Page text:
The solution to minimizing uncertainty in Goals of Care discussions is likely even more complex than the nature of the discussion itself. First, an evidence-based set of national standards needs to be created around the specific components of a Goals of Care conversation to guide physicians in conducting them. This will help create a framework in which to determine if these standards have been met. Establishing a clear definition for each of the different categories of goals of care (e.g “full code”; “DNR”; “comfort care”) and ensuring that these are used as standards across the country are likely paramount to minimizing confusion and variability in patient care in this domain. In the United States, this is being done through the Physicians Orders for Life-Sustaining Treatment program. Second, more research is needed that focuses on evaluating effective ways in which to teach physicians how to conduct these discussions and the impact it has on end-of-life care. Finally, continued efforts in educating physicians about how to conduct these discussions, including its integration into the national curriculum for medical schools and residency training programs will be a critical part of this process to help provide high-quality, patient-centred care for an increasingly complex patient population as they near the end-of-life.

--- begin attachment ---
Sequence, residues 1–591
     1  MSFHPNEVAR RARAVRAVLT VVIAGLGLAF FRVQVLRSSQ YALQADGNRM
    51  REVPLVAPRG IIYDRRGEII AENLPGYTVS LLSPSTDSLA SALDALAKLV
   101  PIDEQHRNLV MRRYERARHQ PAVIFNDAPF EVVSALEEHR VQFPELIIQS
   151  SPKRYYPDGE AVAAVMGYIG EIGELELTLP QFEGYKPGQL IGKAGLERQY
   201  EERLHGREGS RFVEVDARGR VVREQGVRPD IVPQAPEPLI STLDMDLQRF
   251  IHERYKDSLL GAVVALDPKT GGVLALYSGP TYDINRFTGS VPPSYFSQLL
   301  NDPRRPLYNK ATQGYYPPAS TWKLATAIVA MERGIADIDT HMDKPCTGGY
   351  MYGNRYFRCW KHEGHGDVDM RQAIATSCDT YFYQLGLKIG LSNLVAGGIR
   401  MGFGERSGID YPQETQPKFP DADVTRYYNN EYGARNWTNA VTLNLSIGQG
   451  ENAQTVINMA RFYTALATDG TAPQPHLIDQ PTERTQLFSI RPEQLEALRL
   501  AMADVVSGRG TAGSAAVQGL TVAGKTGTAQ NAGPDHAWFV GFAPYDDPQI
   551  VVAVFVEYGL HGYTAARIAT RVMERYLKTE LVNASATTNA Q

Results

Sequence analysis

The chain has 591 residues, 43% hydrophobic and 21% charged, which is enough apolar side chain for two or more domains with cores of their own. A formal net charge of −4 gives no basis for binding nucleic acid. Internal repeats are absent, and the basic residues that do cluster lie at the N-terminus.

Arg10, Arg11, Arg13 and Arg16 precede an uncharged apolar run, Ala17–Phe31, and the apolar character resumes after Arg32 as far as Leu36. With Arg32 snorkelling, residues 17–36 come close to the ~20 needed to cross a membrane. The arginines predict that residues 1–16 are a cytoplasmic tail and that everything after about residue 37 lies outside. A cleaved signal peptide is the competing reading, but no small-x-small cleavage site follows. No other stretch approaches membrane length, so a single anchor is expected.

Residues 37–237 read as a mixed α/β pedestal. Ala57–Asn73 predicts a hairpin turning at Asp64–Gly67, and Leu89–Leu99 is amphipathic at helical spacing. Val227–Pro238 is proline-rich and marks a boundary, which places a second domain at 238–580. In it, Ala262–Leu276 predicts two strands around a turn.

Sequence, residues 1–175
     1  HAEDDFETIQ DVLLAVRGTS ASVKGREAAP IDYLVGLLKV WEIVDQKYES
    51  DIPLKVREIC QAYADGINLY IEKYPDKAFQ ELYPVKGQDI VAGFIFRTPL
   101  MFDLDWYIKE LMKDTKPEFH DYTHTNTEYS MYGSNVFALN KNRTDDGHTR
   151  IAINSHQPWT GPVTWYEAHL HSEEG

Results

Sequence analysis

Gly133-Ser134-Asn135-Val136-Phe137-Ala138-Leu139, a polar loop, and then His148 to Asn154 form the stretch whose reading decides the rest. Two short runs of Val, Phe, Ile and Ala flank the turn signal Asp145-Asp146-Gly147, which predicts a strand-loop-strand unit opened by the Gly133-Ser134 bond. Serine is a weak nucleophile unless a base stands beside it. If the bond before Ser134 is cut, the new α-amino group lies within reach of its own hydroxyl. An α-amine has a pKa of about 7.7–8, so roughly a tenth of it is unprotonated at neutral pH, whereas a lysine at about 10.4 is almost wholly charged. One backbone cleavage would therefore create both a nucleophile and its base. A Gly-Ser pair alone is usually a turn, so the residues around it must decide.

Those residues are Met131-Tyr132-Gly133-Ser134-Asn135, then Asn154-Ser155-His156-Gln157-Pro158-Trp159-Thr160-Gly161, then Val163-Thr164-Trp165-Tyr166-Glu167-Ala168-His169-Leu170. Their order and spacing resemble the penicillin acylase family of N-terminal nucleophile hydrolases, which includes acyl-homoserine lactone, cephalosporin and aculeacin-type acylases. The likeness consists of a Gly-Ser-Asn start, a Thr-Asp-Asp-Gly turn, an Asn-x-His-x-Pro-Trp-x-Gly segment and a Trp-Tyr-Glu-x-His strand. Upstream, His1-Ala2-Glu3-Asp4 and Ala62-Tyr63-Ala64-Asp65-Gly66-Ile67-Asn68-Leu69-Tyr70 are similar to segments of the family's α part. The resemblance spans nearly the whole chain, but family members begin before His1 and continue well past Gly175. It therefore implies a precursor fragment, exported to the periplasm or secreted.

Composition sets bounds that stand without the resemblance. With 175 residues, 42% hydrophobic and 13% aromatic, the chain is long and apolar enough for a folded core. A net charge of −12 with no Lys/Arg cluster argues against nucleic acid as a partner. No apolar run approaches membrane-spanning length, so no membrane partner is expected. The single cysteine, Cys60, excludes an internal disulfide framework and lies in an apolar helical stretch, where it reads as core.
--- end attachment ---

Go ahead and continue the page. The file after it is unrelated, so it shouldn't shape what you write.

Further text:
I often wonder what the nature of the discussions my Mum and Aunt had with Leisureworld’s physician, and what recommendations he or she made regarding my Grandma’s care. Thankfully, she died at home and in no apparent distress. I only hope the same can be said for the millions of other Grandmas who live in Canada.